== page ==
MORTALITY

And He approached and touched the bier, and those bearing it stood still. And He said: “Young man, I say to thee, arise.” And the dead man sat up and began to talk. And He gave him to his mother. [Lk.7:14-15]

 
The young man in the Gospel reading this morning was lifeless; his very heart had stopped beating. His future earthly plans were now in shambles; his mother was grieving for her great loss. And then into the emptiness of death walked the brilliance of everything that is. And those lifeless members of his body that were dead were now restored to life and humanity.

 
Both the mother and son would eventually repose in their mortality because this life that we now struggle with is just temporary. But there is another kind of death that we wrestle with that is even greater than mortality. If we spend our days and hours without Christ we will truly learn what it means to suffer. Venerable St. Bade says: “Whoever will not guard his senses, leaves open a way for death to enter!” And St. Ambrose writes: “You must not be greatly troubled about many things, but you should care for the main thing — preparing yourself for death.” St. Ambrose of Optina, quoted from Living Without Hypocrisy: Spiritual Counsels of the Holy Elders of Optina

 

 

Our body will return to the earth but not be lost, and our soul will embrace judgment. Jesus said: “I am the resurrection and the life. The one who believeth in Me, though he die, he shall live; “and everyone who liveth and believeth in Me, in no wise shall ever die. Believest thou this?” [Jn. 11:25-26] These ideas are captured in the Epistle of the Eastern Patriarchs on the Orthodox Faith: “We believe that the souls of the dead are in a state of blessedness or torment according to their deeds. After being separated from the body they immediately pass over either to joy or into sorrow and grief; however, they do not feel either complete blessedness or complete torment. For complete blessedness or complete torment each one receives after the general resurrection, when the soul is reunited with the body in which it lived in virtue or vice.” (The Epistle of the Eastern Patriarchs on the Orthodox Faith, paragraph 18)

 
Be not afraid for God is working in our lives to save us from our destruction. His grace is an invisible element in the air we breathe with visible results. His grace is the love of your Heavenly Father longing for you to come home. Christ touches our deathly bier at the Sacrament of Holy Communion, restoring that which was confessed to newness. “Fear not, for I am with you; Be not dismayed, for I am your God. I will strengthen you, Yes, I will help you, I will uphold you with My righteous right hand.” (Isaiah 41:10)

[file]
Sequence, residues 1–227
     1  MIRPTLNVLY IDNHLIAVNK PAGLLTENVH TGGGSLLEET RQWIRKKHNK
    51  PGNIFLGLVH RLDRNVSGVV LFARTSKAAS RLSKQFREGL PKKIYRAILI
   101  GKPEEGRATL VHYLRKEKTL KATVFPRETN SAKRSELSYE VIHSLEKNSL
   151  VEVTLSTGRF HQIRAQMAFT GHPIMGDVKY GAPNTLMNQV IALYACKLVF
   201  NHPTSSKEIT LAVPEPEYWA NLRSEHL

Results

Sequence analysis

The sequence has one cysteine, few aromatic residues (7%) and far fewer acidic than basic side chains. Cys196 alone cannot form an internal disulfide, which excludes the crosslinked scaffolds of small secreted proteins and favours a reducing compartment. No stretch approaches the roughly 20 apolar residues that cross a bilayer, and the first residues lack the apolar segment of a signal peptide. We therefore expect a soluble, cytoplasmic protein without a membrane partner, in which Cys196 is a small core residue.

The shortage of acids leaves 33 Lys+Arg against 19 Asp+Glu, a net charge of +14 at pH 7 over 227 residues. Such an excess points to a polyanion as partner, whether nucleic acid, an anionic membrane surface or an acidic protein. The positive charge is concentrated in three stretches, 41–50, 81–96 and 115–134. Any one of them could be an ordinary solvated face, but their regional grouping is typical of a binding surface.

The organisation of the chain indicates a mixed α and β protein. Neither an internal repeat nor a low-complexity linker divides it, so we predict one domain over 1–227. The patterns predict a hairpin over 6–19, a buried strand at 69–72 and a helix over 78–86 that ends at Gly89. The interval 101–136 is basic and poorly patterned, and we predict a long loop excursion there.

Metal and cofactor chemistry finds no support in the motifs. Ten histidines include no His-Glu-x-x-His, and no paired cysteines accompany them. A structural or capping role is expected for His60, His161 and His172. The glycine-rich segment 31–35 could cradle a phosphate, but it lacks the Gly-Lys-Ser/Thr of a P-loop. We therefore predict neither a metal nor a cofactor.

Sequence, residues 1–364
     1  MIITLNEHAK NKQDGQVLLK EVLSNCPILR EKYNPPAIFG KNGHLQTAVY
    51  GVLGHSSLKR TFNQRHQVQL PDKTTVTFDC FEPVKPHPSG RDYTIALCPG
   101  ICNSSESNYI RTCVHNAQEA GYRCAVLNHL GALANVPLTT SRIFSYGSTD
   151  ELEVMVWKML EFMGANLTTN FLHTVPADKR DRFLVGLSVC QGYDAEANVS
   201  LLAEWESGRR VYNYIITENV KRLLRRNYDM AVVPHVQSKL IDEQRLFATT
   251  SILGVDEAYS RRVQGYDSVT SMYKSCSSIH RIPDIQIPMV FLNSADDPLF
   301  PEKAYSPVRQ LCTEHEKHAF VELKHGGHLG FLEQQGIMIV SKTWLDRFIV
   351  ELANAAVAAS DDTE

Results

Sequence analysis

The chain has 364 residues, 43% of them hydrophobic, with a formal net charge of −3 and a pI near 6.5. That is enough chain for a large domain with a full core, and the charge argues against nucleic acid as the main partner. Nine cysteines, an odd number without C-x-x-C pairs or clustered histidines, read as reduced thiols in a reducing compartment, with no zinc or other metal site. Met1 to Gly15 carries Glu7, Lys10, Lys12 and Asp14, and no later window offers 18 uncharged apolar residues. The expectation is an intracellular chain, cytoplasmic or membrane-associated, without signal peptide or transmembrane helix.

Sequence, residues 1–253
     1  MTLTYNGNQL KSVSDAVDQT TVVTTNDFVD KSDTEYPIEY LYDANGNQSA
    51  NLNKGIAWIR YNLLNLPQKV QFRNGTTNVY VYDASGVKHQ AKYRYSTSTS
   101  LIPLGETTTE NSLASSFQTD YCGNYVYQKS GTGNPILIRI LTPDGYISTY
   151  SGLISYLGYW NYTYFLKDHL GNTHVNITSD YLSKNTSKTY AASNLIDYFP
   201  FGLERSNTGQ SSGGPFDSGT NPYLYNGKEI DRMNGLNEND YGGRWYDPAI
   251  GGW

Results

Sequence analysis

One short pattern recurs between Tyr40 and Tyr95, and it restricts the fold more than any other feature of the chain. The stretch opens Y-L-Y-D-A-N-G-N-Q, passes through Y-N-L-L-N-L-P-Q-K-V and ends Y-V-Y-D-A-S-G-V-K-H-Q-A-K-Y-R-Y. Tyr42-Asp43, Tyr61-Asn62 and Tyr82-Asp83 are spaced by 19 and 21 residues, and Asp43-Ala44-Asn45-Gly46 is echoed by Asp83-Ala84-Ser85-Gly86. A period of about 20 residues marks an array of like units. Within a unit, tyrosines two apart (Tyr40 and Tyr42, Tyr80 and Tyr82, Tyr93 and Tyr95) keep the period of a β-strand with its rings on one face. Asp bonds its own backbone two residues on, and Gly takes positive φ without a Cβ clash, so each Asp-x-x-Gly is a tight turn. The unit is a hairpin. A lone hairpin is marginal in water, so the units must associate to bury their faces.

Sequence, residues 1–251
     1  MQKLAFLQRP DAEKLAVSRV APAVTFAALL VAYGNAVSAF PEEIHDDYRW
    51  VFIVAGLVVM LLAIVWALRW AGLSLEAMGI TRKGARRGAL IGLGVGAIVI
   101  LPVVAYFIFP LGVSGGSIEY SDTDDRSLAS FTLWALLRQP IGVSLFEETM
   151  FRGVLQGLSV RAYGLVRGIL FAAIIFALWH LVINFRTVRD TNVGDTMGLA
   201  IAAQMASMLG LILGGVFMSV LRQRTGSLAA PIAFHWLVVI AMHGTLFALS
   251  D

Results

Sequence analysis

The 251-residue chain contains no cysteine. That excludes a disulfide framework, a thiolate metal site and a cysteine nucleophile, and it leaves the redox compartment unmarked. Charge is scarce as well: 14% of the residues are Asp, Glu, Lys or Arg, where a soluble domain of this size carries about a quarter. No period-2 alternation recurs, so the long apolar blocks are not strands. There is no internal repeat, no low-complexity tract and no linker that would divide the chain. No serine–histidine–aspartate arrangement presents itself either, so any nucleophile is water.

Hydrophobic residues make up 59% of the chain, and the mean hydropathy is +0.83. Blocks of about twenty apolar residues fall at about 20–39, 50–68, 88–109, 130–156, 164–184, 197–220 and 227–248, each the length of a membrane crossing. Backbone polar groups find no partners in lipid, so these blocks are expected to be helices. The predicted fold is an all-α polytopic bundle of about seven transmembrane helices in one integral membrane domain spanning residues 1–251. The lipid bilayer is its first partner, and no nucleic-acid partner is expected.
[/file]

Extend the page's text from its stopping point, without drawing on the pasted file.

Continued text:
St. Dorotheos of Gaza writes: “A man obtains the fear of God if he has the remembrance of his unavoidable death and of the eternal torments that await sinners; If he tests himself every evening as to how he has spent the day, and every morning as to how he has spent the night, and if he is not sharp in his relations with others.” (St. Dorotheos, Soul-Profiting Teachings, 4)

 
Let go of this world and its death and thirst for the next! Do not be troubled and hold on to Christ who has defeated death with death and is waiting for you to come home!

Fr. Gabriel Weller 10/22/17

Published by

Father Gabriel Weller

Father Gabriel Weller was ordained by Bishop George Schaefer with the blessing of His Eminence Metropolitan Hilarion Kapral. Father Gabriel was born here in the Shenandoah Valley Virginia. He spent many of his early years in Va. Beach but returned to the Valley in 1979. After many failures in life, He gave his life to the Lord and became very active in the protestant church. He had been a church leader in the United Church of Christ and the Methodist Church since his late twenties, serving in many capacities including Deacon, Elder, Church President, Youth Pastor and also served as Certified Lay Speaker, Choir Member and Youth Leader. He attended Seminary at Eastern Mennonite University with the encouragement of his pastor, but before completing his studies became frustrated with a growing perception of liberalism and other issues in the Protestant Churches he had known. He encountered Orthodox Christianity through his wife and her brother, Archpriest John Moses. He came to realize he could not go back to Protestantism because of the lack of True worship. He has served in the Altar continuously since his baptism, and was the Warden of All Saints of North America for two years. He was ordained to the Diaconate by Bishop Gabriel in 2007, and he was ordained to the Priesthood in 2009. He was the first regular pastor of the Holy Myrrhbearers 'Mission' in 2012 and on October 12, 2013, he was appointed Rector of the parish. His wife is Matushka Tatiana.